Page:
The usual hype and fanfare that has surrounded the release of Halo ODST hasn’t been as positive as that of its 2007 predecessor, with much of the attention focused upon the perceived poor value of a game initially planned as DLC. This has been compounded with Microsoft’s decision to bundle in the Halo 3 map packs with copies of ODST, which many have seen as an attempt to compensate for the supposed paltry new content. With this in mind, and although it’s a Halo game bereft of its renowned protagonist and its campaign is little over six hours, Bungie have somehow produced another title well worth the full retail price it demands.
Perhaps the most surprising thing about Halo ODST is that despite all the changes that have been made, it still feels exactly like a Halo game. Gone are the regenerating shields, the dual-wielding of weapons and Master Chief’s grand story-arc , instead replaced with a stamina-health system and an intricate blending of individual tales to form what is so far the most compelling Halo story yet. Controlling as a variety of different ‘Orbital Drop Shock Troopers’, the player is tasked with unite with the others and ultimately investigate the Covenant goings-on around them.
This air of mystery is coupled with a much darker aesthetic than ever seen before in a Halo title, and the influence of film noir and the likes of Blade Runner are plain to see. Sombre jazz riffs accompany the player as they explore the sleek but desolate metropolis, an atmosphere which is heightened even greater when juxtaposed to the game’s many other more vibrant levels. Other environments are entrenched in more familiar territory for the franchise, with both the vast, rocky vistas of Africa and the purple hues of the Covenant providing the setting for the action during different sections of the game.
When assessing the various failures and successes Bethesda had when forging new backdrops, balancing and themes to Fallout 3 with their DLC content, it’s a real testament to Bungie as to how they have managed to take an established game series and create something that still feels somewhat different. Even by using the same engine and acclaimed gameplay mechanics, the small tweaks in the game, such as the weakening of the player’s non-Spartan abilities and the increased intimacy of the story, really work to create a campaign that is both thrilling and fresh.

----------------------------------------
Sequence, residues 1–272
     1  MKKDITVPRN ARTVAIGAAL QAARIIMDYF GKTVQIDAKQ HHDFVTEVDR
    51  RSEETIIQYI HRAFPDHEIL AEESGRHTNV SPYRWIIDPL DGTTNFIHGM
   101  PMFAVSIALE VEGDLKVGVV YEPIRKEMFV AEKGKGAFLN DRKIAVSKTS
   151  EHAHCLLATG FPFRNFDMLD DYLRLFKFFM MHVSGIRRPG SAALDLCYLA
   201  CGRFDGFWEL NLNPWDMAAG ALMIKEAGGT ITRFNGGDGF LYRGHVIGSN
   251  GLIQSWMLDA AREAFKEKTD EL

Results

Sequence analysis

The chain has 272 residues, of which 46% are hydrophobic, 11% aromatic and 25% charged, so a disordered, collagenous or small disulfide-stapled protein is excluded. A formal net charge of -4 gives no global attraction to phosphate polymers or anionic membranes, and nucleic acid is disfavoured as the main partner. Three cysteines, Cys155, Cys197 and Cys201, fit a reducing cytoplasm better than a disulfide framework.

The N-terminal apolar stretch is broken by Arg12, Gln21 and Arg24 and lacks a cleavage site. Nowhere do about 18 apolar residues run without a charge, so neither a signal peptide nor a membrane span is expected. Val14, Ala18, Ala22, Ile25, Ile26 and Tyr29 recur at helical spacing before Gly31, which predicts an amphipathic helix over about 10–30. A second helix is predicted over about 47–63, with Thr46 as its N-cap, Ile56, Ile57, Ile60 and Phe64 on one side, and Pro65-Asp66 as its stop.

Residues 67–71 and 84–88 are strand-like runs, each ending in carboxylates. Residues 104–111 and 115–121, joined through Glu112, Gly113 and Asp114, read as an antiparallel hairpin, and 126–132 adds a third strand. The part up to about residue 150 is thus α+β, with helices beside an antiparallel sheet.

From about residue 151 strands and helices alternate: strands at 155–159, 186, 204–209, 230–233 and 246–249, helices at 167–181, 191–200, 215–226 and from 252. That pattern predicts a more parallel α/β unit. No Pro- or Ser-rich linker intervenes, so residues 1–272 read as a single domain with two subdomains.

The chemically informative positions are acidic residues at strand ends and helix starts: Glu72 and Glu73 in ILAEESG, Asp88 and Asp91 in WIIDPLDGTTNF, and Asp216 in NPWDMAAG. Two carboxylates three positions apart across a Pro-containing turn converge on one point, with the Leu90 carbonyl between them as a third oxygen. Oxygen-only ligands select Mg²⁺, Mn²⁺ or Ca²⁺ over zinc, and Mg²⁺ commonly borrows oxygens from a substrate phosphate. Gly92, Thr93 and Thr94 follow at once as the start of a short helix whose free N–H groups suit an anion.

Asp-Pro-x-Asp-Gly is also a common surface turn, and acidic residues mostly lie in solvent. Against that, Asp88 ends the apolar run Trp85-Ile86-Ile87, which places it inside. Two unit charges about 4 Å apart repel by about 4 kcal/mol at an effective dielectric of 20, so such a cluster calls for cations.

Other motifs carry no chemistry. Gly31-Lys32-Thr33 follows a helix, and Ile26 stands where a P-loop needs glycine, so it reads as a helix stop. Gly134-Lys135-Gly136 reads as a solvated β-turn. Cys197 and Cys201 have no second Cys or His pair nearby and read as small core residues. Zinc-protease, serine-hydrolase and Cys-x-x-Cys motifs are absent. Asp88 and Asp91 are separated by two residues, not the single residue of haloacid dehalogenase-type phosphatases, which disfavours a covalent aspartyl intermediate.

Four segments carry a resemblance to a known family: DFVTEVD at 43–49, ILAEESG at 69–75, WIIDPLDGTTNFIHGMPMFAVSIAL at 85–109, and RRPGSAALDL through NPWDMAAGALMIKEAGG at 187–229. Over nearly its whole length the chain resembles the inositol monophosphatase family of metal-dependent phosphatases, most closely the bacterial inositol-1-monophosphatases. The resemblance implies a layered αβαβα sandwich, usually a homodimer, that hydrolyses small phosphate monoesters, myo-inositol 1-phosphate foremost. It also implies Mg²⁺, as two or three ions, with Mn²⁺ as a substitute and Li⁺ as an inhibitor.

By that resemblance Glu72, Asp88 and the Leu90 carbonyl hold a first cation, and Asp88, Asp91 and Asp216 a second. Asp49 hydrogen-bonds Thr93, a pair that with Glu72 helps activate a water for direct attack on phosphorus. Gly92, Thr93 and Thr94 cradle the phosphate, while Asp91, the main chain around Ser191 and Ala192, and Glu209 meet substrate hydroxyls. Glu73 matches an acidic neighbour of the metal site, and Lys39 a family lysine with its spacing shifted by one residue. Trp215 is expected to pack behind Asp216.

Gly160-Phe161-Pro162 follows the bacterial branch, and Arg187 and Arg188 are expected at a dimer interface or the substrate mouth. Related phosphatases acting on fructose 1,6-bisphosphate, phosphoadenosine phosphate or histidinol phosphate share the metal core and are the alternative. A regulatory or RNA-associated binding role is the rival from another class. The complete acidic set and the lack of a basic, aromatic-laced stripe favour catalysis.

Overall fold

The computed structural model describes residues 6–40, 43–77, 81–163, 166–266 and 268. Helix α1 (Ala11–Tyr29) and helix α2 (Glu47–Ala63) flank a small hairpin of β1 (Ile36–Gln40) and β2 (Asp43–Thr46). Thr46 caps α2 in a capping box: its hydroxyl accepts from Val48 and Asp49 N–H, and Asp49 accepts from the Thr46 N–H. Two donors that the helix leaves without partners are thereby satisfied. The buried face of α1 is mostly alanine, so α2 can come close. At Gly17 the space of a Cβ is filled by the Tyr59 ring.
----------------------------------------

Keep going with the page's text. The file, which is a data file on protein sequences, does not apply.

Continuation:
There is little more that can be said of the quality of ODST’s multiplayer in this review, as it has no standalone multiplayer mode distinct from Halo 3, and unless you’ve been living under a rock, you’ll know all about the acclaimed matchmaking from that game. There is however, the new Firefight mode, a welcome addition that invites players to work together to combat ever-increasing numbers of Covenant forces. It’s great fun and is likely to be a popular choice amongst gamers; it’s almost certain to be continued in future Halo releases, and rightly so.
The game of course is not without its drawbacks. For all its sinister mood, sophisticated narrative and adjusted play tools, it’s impossible not to feel as though ODST is a complement to the main event. The epic climaxes and galaxy-shattering plots of other Halo games are noticeably absent, and the game is certainly shorter and easier than what could normally be expected from a fully-fledged sequel. Furthermore, the friendly AI appears to have learnt no lessons from the past, with the erratic driving and useless shooting skills of the UNSC still present and correct.
Ultimately, for all the diversions and innovations it has, Halo ODST is still absolutely a Halo game. Those who have played and were unconvinced by past Halo titles are sure to remain uninterested in the series, but with ODST Bungie have showcased their versatility as developers and equipped with one of the greatest foundations ever made, have created a game as good as any other sci-fi shooter out there.
Overall Score 8